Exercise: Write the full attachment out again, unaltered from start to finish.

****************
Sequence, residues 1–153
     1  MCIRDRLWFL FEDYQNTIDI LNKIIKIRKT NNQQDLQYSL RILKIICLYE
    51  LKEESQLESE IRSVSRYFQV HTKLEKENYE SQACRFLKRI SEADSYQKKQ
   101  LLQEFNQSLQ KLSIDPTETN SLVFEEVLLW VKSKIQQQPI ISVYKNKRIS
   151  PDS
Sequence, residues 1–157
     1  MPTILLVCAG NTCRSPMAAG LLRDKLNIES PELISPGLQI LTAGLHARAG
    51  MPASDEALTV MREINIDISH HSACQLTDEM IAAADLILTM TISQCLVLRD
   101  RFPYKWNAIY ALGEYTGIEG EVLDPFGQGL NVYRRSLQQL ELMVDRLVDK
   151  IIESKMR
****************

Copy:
Sequence, residues 1–153
     1  MCIRDRLWFL FEDYQNTIDI LNKIIKIRKT NNQQDLQYSL RILKIICLYE
    51  LKEESQLESE IRSVSRYFQV HTKLEKENYE SQACRFLKRI SEADSYQKKQ
   101  LLQEFNQSLQ KLSIDPTETN SLVFEEVLLW VKSKIQQQPI ISVYKNKRIS
   151  PDS
Sequence, residues 1–157
     1  MPTILLVCAG NTCRSPMAAG LLRDKLNIES PELISPGLQI LTAGLHARAG
    51  MPASDEALTV MREINIDISH HSACQLTDEM IAAADLILTM TISQCLVLRD
   101  RFPYKWNAIY ALGEYTGIEG EVLDPFGQGL NVYRRSLQQL ELMVDRLVDK
   151  IIESKMR